Shares of small rocket builder Astra Space (ASTR 3.35%) crashed to earth on Wednesday, down 10% as of 12:15 p.m. ET.
In a short-selling announcement this morning, Kerrisdale Capital Management warned of what it termed an impending "dis-Astra" and urged investors to sell the stock.
Astra went public recently through a special-purpose acquisition company (SPAC). This is a company "with no revenue, no track record of reliability, and no established market for its undersized vehicle," Kerrisdale said. Management added that it's "yet another example of the questionable businesses going public via SPACs."
Astra successfully launched its first rocket into orbit last month, but Kerrisdale is supremely unimpressed with the company's technology, scorning its decision to buy "cheap, off-the-shelf ... non-aerospace grade parts" that are incapable of making its rockets reusable, and alleging that it signed a secret deal with a competitor to get access to the latter's more powerful engine.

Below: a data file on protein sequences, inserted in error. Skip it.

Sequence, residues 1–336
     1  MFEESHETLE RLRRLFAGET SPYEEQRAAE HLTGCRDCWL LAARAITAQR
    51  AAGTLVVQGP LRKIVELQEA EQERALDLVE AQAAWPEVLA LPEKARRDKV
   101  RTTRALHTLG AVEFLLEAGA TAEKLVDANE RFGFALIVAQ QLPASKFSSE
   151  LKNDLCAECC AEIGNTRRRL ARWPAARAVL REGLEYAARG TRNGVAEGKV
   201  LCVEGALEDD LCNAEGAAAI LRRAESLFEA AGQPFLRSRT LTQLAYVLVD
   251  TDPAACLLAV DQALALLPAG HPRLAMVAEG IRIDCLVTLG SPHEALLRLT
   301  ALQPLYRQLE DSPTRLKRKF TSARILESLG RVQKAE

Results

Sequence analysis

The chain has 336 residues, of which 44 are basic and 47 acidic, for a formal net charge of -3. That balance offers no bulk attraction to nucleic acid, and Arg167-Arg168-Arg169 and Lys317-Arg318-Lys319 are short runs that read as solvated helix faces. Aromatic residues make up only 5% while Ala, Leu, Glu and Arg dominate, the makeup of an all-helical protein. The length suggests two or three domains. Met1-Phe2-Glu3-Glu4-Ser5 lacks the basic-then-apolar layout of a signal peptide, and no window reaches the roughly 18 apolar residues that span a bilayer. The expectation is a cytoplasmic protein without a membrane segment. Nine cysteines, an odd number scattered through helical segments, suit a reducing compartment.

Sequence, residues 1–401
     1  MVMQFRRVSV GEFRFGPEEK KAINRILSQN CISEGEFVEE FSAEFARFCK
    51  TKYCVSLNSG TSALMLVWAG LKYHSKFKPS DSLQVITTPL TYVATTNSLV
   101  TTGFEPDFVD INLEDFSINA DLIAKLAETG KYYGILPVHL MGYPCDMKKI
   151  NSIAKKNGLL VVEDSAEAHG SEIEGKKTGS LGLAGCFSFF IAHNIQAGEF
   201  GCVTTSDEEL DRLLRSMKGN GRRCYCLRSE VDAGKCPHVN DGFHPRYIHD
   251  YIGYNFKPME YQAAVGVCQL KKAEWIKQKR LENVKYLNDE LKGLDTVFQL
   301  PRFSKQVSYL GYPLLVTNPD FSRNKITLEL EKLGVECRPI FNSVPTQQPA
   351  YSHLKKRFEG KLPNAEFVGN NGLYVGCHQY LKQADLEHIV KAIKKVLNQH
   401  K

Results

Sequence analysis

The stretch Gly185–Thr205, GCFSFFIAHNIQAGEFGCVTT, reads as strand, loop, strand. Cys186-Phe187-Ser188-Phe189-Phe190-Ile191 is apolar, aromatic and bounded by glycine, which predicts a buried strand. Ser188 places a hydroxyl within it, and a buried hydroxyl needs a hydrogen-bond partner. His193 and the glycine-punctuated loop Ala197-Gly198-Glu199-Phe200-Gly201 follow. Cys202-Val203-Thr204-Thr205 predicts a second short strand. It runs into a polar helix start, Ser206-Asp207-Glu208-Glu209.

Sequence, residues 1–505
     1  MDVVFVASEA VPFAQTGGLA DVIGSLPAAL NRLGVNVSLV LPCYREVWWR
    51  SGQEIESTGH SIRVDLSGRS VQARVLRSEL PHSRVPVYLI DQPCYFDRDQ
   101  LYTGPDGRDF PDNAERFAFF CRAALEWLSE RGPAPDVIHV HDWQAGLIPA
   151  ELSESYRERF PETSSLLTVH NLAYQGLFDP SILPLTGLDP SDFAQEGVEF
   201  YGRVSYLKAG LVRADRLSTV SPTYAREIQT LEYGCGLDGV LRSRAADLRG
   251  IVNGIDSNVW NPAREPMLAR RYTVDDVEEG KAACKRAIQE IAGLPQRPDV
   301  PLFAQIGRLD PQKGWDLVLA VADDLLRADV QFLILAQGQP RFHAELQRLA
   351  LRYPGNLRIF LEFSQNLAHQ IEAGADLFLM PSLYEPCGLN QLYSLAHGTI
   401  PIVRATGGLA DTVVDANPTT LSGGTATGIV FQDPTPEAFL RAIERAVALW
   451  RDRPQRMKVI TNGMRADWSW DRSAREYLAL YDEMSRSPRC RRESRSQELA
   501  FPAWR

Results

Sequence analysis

The analyst is also unimpressed with Astra's promise of conducting 300 launches per year by 2025, a number that Kerrisdale says would be 10 times more than Elon Musk's SpaceX achieved in 2021 -- and probably "pure fantasy."
As competition in the rockets sector increases, Kerrisdale believes that innovators will outperform imitators like Astra, with builders of reusable rockets having the greatest cost advantages. Over time, the analyst warns, "the relentless price deflation that characterizes today's launch market" will prevent Astra from ever earning a profit and ultimately end in disaster for the space stock.
But even that's not the worst news, according to Kerrisdale: As early as tomorrow, the end of the lock-up period for 91 million shares of Astra stock could send the stock "to the ground."
Kerrisdale suggests that it's a good idea to bail out now before that happens.